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Crews work to clean up oil from a pipeline spill in northern Alberta in April.Jimmy Jeong

Amid a spate of serious pipeline spills, Canada's National Energy Board has slowed the operation of five pipelines in the past nine months as part of a broader effort to scrutinize the industry's safety performance.

The board has ordered a series of so-called "pressure restrictions," to reduce the amount of oil and gas flowing through pipes, one of the more serious measures the regulator can use to address safety concerns. Such orders have rarely been used in the past.

But as a series of accidents unravelled in the past year, including major leaks in Michigan and northern Alberta, the NEB has increasingly turned to such restrictions as part of its attempts to prevent more problems. All of the restrictions remain in effect, including one order not previously disclosed that mandates a 20-per-cent reduction on part of a natural gas system run by Centra Transmission Holdings Corp.

And documents provided to The Globe and Mail by the NEB show that some orders have arisen among broader concerns about pipeline safety, including restrictions on one Enbridge Inc. line issued after an examination of cracking on the company's vast pipeline network.

Other pipelines ordered to cut throughput include the Trans Mountain line between Alberta and British Columbia, and the TransNorthern Pipelines Inc. line in Ontario and Quebec. Enbridge pipelines 2 and 21 in the North West Territories and the Prairies are also affected. In almost all cases, the NEB ordered a 20-per-cent cut until companies can satisfy a series of conditions that include, in the case of Enbridge Line 21, an "engineering assessment that indicates that the pipeline remains fit for its intended service."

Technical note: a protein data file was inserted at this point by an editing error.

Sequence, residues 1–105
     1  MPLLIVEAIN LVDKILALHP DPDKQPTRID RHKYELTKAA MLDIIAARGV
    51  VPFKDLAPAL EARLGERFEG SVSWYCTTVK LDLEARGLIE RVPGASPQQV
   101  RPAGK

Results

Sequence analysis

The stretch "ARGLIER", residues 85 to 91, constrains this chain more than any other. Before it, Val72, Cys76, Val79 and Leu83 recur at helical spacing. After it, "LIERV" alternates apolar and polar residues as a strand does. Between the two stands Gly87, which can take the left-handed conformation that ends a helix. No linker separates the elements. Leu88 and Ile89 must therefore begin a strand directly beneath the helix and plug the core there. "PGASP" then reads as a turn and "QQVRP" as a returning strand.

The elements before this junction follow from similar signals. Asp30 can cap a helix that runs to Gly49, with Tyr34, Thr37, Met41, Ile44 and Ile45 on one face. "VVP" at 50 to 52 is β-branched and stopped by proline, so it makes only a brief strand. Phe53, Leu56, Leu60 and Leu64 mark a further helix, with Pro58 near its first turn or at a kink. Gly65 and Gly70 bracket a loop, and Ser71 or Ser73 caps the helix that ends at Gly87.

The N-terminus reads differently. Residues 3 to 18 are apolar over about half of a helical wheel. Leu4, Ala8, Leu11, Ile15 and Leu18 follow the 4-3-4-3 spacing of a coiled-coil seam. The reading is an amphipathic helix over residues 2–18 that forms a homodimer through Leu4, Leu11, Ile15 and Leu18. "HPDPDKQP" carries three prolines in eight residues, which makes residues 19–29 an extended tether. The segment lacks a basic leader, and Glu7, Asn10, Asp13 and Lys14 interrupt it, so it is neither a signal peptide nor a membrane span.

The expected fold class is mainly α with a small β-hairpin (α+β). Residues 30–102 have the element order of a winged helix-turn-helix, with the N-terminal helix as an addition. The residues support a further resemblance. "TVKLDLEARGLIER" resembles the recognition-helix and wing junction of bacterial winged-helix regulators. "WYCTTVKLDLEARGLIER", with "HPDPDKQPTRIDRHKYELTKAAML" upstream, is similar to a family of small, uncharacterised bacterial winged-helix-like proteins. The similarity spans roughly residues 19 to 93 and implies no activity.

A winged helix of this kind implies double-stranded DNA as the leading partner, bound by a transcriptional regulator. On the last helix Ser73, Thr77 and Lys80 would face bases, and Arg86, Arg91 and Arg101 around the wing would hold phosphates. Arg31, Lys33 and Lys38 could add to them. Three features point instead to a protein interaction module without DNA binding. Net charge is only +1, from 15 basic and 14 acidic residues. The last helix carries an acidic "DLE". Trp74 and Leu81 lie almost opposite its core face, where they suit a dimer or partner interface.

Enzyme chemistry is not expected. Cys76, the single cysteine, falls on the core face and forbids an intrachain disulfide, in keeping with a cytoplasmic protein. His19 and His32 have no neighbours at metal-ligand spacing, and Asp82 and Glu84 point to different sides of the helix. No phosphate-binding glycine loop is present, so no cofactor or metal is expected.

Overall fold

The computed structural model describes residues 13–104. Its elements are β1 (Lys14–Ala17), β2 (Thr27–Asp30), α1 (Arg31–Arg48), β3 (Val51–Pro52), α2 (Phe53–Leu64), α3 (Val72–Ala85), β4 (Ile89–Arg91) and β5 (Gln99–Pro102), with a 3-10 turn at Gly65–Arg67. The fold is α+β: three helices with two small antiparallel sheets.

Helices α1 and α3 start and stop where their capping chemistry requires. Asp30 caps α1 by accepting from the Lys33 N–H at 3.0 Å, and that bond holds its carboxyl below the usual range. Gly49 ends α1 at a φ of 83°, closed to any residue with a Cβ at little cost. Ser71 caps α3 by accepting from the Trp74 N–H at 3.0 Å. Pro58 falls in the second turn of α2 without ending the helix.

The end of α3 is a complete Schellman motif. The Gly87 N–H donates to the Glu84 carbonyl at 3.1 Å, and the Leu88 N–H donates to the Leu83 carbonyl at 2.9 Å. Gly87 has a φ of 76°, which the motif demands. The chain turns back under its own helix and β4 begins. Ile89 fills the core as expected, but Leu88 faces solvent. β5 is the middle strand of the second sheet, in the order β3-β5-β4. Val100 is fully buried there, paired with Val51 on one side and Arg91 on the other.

Industry sources say that historically pressure restrictions have been used only in extreme cases, such as accidents that involved fatalities or spurred investigations.

Pipeline operators say the scrutiny is welcome. "We are supportive of strong regulation," said Brenda Kenny, chief executive of the Canadian Energy Pipeline Association. She added: "we can debate whether or not pressure reductions are a necessary part of that.... I haven't seen any evidence to suggest that it's necessary."

But in letters to the operators of pipelines, the NEB makes it clear that it is cracking down on pipeline safety and integrity, which covers efforts companies make to avoid, detect and fix issues like corrosion and cracking.

Centra Transmission president Todd Karry, for example, says the company's 320-kilometre natural gas pipeline, which runs from Spruce, Man., through Minnesota and into Fort Frances, Ont., has a "pristine record in terms of safety operations."

Yet in late January, the NEB ordered the company to cut some throughput after "findings of non-compliances in the areas of safety, integrity, and environmental protection."

Mr. Karry acknowledges that the order "sounds ominous and it sounds serious." However, he said Canadian regulations are less prescriptive than those in the U.S., meaning it's less clear how exactly to satisfy the NEB. The pressure restriction order, he said, appears to be a direct result of the recent spills.

"My view is it was a function of the NEB's heightened sensitivity to operators demonstrating that their pipelines were operated in a safe and reliable manner," he said.